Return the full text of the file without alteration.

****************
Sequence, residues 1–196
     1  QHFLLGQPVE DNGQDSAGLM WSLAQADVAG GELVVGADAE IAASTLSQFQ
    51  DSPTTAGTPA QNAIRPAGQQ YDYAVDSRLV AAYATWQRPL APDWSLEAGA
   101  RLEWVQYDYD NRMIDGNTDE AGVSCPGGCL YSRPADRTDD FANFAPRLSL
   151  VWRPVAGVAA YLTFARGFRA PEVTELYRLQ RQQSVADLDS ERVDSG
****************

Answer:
Sequence, residues 1–196
     1  QHFLLGQPVE DNGQDSAGLM WSLAQADVAG GELVVGADAE IAASTLSQFQ
    51  DSPTTAGTPA QNAIRPAGQQ YDYAVDSRLV AAYATWQRPL APDWSLEAGA
   101  RLEWVQYDYD NRMIDGNTDE AGVSCPGGCL YSRPADRTDD FANFAPRLSL
   151  VWRPVAGVAA YLTFARGFRA PEVTELYRLQ RQQSVADLDS ERVDSG